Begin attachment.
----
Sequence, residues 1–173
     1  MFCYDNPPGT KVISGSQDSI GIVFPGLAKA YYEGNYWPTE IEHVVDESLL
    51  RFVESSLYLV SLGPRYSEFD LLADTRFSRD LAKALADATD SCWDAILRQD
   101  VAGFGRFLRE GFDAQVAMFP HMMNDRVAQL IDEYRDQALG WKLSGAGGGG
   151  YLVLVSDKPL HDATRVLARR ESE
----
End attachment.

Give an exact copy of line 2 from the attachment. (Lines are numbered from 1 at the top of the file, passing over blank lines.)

     1  MFCYDNPPGT KVISGSQDSI GIVFPGLAKA YYEGNYWPTE IEHVVDESLL